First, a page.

I rushed home ahead of the rain. I was on the clock. We had a field full of potatoes, and the rain was coming in just a few hours. The rain would make it impossible for us to get the harvest out of the ground this week and probably most of next week as well. I changed clothes and headed to the barn. I put the plow on the tractor and drove towards the garden. Three hours and twelve boxes full of potatoes later, we have the harvest in the cellar as night fell on the farm. I walked back home in the dark.
On April 8th of this year, amid the COVID lockdown, we planted two rows of potatoes. A single fifty-pound bag that I had acquired weeks before when the hardware store began stocking crops and seeds for the spring. Over the summer, we would watch and wait. Spraying for bugs. Tilling the weeds and allowing the leaves to get as much sun and water as they needed to grow and thrive. On September 22, we harvested more than 200 pounds of potatoes. Easily enough potatoes for us to make it through the winter and spring and into next summer. We keep the large ones in the cellar while canning the small ones and those cut by the plow during the harvest. Very little is wasted.
Small family farmers in the country get very few promises. They plant with the hope and belief that with the proper conditions and the right effort, their small investment will yield a crop worth the time and energy they put into it. Educators in this country make the same kind of investment every day, every week, and every year with our students. Educators control a small number of variables in a student’s growth, yet, like the farmer, they bear the great responsibility for their success. Like the farmer, they can’t control the weather, or in the case of 2020, COVID. But they continue to sow seeds.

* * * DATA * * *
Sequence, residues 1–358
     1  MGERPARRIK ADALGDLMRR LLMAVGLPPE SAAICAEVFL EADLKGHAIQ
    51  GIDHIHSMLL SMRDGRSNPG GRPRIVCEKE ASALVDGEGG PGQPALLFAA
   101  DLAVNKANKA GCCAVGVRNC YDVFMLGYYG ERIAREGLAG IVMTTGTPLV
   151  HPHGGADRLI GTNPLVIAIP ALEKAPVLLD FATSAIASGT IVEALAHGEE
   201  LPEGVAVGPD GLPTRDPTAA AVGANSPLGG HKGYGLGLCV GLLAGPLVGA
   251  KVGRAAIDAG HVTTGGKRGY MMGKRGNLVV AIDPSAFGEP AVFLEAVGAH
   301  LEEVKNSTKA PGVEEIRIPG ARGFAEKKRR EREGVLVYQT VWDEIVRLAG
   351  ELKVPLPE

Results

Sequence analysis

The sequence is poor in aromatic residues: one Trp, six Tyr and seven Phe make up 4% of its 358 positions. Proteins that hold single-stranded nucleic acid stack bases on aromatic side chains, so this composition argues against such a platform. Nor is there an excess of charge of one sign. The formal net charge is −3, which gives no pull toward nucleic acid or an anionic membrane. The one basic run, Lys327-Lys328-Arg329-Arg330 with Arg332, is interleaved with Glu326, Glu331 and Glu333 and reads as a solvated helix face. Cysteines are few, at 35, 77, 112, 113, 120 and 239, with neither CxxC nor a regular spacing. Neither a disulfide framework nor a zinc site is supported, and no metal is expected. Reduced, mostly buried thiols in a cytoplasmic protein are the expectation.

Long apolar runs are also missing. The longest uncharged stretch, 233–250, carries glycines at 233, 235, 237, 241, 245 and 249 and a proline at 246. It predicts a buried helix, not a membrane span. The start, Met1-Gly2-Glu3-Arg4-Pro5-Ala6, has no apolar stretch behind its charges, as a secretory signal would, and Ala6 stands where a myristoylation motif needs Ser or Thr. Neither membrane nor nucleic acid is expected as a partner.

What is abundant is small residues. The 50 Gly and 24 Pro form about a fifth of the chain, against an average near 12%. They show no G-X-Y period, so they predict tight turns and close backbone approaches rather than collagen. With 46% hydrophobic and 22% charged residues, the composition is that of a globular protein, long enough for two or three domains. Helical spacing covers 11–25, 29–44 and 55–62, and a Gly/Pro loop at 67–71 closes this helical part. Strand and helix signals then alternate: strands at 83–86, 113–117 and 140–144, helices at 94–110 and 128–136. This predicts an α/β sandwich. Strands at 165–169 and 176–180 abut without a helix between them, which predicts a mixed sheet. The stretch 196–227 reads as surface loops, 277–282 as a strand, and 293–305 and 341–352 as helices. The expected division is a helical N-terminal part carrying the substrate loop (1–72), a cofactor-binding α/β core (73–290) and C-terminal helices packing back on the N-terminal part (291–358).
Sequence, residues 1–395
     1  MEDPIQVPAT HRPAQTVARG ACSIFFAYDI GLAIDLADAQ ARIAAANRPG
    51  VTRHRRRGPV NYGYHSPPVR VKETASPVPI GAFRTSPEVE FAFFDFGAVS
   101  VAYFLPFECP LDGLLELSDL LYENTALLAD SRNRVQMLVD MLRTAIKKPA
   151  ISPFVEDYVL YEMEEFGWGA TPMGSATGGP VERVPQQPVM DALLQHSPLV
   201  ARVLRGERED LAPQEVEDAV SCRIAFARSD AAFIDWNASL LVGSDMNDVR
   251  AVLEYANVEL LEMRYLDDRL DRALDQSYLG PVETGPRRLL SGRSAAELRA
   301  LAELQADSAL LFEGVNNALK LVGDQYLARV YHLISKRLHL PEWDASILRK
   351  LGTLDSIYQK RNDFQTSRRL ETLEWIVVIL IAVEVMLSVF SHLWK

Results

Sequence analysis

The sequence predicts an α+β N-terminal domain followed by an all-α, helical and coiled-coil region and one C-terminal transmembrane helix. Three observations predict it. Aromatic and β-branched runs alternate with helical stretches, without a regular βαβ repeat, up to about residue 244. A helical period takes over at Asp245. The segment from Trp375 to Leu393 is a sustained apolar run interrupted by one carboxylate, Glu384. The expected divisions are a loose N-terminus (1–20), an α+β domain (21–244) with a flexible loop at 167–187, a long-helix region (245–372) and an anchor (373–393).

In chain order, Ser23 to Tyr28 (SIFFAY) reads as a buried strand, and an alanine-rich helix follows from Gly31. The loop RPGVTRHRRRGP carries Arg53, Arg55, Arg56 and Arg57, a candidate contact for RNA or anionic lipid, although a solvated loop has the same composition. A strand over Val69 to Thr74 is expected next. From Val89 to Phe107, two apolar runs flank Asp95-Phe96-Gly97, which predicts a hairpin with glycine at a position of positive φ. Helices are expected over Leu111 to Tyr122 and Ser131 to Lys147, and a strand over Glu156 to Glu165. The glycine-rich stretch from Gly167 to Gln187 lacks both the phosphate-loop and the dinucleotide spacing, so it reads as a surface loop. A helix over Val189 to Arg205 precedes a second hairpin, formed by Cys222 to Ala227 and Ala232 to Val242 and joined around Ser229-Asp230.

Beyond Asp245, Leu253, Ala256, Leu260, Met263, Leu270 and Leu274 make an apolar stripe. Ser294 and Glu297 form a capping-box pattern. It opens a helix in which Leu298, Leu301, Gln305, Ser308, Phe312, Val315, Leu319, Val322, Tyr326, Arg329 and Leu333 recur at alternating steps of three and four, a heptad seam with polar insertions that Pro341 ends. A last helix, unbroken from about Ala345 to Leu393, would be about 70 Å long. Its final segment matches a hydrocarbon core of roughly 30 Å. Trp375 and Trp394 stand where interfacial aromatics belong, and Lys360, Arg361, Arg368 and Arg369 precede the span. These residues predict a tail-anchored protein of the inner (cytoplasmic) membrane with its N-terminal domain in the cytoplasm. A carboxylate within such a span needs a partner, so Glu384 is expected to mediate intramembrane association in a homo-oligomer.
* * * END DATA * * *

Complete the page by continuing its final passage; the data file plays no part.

What we do today matters. And like the farmer that sees rain coming on the horizon at the end of a long dry spell, educators see the conditions changing. Some students are starting to return to the building. Other parents are watching anxiously to see if this will work. They quietly ask themselves, “Can safely have school amid the waning days of the pandemic?” The answer will help them decide if they feel comfortable doing the same. A successful harvest depends on the work we will do in the coming days and months. I hope we can all agree after a six-month experiment with distance learning that the optimal place for student growth to occur is in the confines of the classroom, not the bedroom or the kitchen table.
To do this well, we will need the help of parents. I completely understand the temptation to send students to school when they don’t feel well. We have dangled our feet in the grey space of “should we send them or not?” and decided that we need to work, and the only way to draw a paycheck is to send them to school. This year, when placed in that situation again, we must choose carefully. The decision could affect classrooms full of children, not just one. Some of our ability to successfully grow students will depend on the decisions made at home.
As I stood at the edge of the garden with the sun setting over the hill behind the barn, I thought of the last six months of work and was glad we had made the effort. It will soon be time to plow up the ground and begin preparing for another harvest, but for now, I can take a minute to appreciate the benefit of months of hard work. Eight months from now, we want to do this in our schools. We look forward to being able to stand back and appreciate the fruits of our labor. Tomorrow’s harvest depends on what we do today.
We must give more in order to get more. It is the generous giving of
ourselves that produces the generous harvest.
Orison Swett Marden